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Technology is a symptom

As “software eats the world,” further intertwining with our daily lives, more and more discussions that are ostensibly about tech are at heart political discussions. What looks like technology criticism is actually political critique, and therefore cannot be countered by arguments resting entirely within the niche of technology.

That is why I do not look for critical thinking about tech in tech publications. I am often disappointed by full-length books that are billed as deep, meaningful and thoughtful takes on society and technology.

In my heavily annotated copy of Douglas Coupland’s Kitten Clone (see review), there are a number of Post-it notes labelled with the admittedly dismissive tag: “old man problems.” Coupland’s tech-criticism-as-nostalgia is not satisfying to me by any means, and I am sure is completely dismissed by the Kool-Aid drinking techies in Silicon Valley. This type of “critical thinking” is of no help to anyone.

So where to turn? Academia is a good place to start. There are trained thinkers there, familiar with our intellectual heritage and able to put modern day phenomena in context. This is one of the reasons why I enjoy Evgeny Morozov.

Morozov’s most recent work is a review of Nicholas Carr’s book The Glass Cage: Automation and Us. However, the review is embedded in an even more important essay about the methods and value of technology criticism. Here is a teaser:

“technology criticism is the theoretical vanguard of the neoliberal project.”


And since the march of that history is increasingly described with the depoliticized lingo of technology—“precariousness” turns into “sharing economy” and “scarcity” turns into “smartness”—technology criticism comes to replace political and social criticism.

Jesus, yes.

You might have heard me say (often) that so much of technology is about mediating interaction between humans, and interaction between humans is mediated by politics. Politics as an underlying social structure should be considered primary. Technology, as such, is simply a symptom.

As in all things, a little about me…

Excuse what might seem an egotistical digression, but I would like to lay out my political journey for disclosure’s sake.

Before I was a tech nerd, I was a (small “p”) politics nerd. I lived in a foreign country, enjoyed learning about other cultures, traveled lots and wrote for Coming Anarchy. I didn’t own my first computer until I was 24, and that wasn’t even connected to the Internet.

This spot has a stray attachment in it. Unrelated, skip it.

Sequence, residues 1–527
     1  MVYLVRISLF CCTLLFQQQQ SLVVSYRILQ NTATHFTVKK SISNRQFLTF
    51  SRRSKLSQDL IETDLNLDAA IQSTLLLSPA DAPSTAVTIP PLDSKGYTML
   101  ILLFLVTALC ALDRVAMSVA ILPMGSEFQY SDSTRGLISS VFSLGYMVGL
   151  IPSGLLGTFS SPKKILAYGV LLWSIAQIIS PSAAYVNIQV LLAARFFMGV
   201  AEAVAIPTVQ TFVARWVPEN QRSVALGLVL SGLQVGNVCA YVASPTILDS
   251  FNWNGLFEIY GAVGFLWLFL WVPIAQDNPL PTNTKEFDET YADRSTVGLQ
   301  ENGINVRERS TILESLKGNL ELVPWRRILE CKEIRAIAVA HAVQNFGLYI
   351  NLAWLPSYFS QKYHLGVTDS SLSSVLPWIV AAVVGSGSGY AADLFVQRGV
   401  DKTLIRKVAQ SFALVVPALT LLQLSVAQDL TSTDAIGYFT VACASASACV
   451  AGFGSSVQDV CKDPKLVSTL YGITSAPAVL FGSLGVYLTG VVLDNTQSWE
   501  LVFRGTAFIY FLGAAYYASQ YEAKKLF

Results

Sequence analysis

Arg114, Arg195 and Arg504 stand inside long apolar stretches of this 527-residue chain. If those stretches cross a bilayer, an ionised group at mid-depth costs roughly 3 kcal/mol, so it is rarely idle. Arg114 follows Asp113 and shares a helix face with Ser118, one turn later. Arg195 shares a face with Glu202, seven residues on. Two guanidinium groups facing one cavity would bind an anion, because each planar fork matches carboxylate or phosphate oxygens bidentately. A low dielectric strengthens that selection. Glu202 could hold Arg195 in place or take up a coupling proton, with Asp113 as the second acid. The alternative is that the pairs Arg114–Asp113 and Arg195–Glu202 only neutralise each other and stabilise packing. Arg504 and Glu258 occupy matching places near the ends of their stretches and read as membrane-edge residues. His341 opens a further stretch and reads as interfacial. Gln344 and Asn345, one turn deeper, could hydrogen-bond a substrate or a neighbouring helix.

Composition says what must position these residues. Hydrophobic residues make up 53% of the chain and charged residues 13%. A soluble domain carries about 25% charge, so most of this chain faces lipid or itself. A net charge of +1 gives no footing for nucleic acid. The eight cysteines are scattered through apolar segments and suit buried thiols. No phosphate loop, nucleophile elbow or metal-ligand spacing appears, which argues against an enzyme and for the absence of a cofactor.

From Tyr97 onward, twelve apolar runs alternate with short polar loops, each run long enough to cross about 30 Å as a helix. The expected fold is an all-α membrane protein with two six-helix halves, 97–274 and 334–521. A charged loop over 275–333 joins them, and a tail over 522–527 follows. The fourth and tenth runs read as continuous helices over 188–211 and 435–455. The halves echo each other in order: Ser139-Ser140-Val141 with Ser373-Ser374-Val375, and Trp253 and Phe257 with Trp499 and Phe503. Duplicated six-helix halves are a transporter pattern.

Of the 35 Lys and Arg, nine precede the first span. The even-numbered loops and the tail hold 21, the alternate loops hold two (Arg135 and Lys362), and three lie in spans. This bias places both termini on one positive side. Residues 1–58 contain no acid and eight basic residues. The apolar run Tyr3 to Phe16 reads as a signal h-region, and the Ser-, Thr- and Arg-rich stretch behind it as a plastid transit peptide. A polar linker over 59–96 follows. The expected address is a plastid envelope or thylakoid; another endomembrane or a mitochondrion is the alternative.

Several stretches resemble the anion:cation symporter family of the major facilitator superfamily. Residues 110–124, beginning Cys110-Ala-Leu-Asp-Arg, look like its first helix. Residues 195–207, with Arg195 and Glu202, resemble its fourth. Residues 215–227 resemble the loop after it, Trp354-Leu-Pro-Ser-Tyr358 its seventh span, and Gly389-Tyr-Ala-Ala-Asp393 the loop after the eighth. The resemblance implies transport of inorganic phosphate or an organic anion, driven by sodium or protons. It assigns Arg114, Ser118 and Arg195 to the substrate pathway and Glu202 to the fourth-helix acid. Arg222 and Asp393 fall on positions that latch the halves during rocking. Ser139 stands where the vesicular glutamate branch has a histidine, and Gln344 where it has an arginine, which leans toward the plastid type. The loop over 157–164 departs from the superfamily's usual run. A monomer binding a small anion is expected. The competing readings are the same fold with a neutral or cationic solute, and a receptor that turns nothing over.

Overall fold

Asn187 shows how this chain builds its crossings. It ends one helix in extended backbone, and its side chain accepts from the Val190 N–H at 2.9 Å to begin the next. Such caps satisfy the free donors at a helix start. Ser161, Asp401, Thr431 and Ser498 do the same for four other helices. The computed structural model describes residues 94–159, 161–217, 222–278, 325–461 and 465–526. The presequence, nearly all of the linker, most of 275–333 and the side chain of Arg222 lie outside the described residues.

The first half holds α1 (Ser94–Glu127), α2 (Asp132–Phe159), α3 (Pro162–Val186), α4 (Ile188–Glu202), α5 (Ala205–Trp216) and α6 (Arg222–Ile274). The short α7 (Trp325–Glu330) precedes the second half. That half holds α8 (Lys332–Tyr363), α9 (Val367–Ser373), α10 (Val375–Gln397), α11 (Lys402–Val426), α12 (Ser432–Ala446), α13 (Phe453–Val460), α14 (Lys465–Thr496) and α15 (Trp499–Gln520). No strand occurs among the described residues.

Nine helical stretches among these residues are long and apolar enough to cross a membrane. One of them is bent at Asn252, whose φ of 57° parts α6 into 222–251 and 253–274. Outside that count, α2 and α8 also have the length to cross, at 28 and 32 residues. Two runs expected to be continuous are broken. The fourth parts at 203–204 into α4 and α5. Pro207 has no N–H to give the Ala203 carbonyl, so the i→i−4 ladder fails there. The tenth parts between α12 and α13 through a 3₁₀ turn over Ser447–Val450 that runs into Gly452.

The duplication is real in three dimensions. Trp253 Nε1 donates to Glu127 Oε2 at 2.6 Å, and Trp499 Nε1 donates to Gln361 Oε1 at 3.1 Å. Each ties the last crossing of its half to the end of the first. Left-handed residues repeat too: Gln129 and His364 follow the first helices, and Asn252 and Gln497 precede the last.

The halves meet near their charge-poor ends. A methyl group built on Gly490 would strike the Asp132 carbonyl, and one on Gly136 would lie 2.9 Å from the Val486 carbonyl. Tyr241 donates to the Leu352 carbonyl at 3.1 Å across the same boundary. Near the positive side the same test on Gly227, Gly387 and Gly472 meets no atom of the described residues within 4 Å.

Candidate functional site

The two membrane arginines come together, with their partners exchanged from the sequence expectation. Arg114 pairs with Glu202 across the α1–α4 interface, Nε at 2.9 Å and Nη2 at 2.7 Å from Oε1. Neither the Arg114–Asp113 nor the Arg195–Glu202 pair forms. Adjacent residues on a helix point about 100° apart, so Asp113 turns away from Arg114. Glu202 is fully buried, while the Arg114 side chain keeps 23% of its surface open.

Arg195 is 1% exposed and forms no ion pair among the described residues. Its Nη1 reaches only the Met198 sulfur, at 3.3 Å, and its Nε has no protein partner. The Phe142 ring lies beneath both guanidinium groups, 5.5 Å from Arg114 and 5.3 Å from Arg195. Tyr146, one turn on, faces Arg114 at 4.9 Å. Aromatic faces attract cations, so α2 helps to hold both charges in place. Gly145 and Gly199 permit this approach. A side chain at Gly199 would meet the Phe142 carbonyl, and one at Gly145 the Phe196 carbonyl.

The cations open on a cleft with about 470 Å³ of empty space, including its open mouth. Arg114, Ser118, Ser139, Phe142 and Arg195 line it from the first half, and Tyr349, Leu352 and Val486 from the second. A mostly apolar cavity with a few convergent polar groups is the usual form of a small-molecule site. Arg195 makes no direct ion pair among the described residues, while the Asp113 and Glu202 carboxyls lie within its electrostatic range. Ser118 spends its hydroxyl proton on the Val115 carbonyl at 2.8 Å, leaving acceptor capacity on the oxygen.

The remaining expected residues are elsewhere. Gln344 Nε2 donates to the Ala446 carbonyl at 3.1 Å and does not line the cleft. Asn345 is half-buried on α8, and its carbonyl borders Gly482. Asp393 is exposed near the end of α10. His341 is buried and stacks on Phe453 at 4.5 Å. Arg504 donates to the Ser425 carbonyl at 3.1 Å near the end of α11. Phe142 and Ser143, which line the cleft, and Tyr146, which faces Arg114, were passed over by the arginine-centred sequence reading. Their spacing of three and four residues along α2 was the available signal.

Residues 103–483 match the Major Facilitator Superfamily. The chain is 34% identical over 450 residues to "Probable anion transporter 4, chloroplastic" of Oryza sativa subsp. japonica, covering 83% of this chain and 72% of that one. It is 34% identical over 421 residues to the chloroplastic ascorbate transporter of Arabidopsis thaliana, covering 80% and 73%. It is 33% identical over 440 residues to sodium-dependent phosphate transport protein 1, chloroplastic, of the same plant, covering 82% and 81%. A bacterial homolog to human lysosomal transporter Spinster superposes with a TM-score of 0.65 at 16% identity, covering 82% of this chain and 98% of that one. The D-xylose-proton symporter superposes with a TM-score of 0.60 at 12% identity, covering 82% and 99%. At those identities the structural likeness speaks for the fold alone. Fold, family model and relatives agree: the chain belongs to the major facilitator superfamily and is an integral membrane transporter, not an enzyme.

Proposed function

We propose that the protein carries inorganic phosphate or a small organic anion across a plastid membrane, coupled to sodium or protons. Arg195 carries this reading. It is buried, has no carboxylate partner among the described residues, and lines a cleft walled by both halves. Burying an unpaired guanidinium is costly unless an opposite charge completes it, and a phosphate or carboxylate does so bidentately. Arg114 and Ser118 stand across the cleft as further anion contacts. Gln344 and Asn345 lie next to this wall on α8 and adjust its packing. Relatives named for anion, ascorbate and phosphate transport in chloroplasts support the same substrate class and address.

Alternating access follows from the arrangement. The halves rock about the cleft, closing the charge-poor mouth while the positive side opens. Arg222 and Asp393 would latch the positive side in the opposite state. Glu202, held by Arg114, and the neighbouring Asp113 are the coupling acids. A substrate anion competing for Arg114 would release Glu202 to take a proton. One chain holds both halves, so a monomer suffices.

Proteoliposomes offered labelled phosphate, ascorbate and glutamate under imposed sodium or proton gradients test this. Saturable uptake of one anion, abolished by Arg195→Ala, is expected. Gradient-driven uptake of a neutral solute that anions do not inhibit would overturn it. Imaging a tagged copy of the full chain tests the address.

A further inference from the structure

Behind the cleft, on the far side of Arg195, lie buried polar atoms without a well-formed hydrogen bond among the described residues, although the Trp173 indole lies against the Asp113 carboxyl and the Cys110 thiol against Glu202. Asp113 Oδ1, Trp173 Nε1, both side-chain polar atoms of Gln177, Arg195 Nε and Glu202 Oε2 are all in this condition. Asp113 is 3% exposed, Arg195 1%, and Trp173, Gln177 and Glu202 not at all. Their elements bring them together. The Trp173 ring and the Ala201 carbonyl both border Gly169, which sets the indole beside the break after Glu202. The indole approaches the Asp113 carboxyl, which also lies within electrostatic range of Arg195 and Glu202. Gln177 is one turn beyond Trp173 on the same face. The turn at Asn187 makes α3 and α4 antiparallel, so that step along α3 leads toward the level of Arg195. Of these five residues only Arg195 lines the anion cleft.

Once I got connected, I started to drink the Kool-Aid. I became a “Citizen of the Internet”, which is pretty easy to do when you are an expat spending a lot of your time using the Internet to connect to friends and family back home. The problem began as tech myopia set in.

Why bother spending a ton of money flying “over there” learning about different people and their “funny hats”, when I have unlimited access to new, cutting edge thinking on the internet and I don’t even have to get out of my pajamas!?

Working at Apple didn’t help. The Kool-Aid there did not come in plastic jugs but in firehose form. Once I got out, I could start shaking off the hangover and rethinking things. Grad school helped. It took some time but the myopia dissipated and what do you know? I began to become more interested in the political discussion again. Ideology, class, economics, comparative politics, etc etc.

Hierarchy, not intersection

A couple of years ago, I considered an information-centric political philosophy. I got involved with the Pirate Party of Canada. I wished for a catalogue of disruptive politics. I even started outlining one myself. In the past few years fishing around in the tech silo for some original political thought I’ve come up empty-handed. Like many things on the internet, there are just new forms of older things. Stepping away from the silo I realized what I have previously described as “the intersection between technology and politics” puts tech on a pedestal, making it the equal of politics.

Morozov often says “the ‘digital debate’ can’t be won—it can only be abandoned.” I don’t think tech should be abandoned (and neither does he, to be fair). Technology can bring new things to the political debate (big data, privacy, mass surveillance are just a few examples). However, that does not mean we should let “tech” eclipse politics. Tech needs to be downgraded, to be re-situated as just one facet of the greater political discussion. From the above-linked article:

Disconnected from actual political struggles and social criticism, technology criticism is just an elaborate but affirmative footnote to the status quo.

The debate is wider than merely being skeptical about how new tech is being deployed within long-standing political power structures. It behooves us “tech critics” to think hard about the background problems, and then even come up with novel uses of all this cool tech to alleviate those problems.

(Wait a minute… did I just advocate “solutionism”? No. I mean things like building an internet that protects privacy rather than exploiting it; by coming up with a different economic model for public interest journalism which benefits our democracy; by using new analytics methods to enhance public health, rather than offset responsibility to the individual. These are the kinds of “alternative” programs which tech critics should be thinking about, and which I think Morozov would endorse.)

Not every problem has a technical solution. Much like it brings up new topics to discuss, “tech” can bring up new ways to execute solutions. That being said, such solutions (and compromises!) should be based on wide-ranging political debate, not on engineering requirements.

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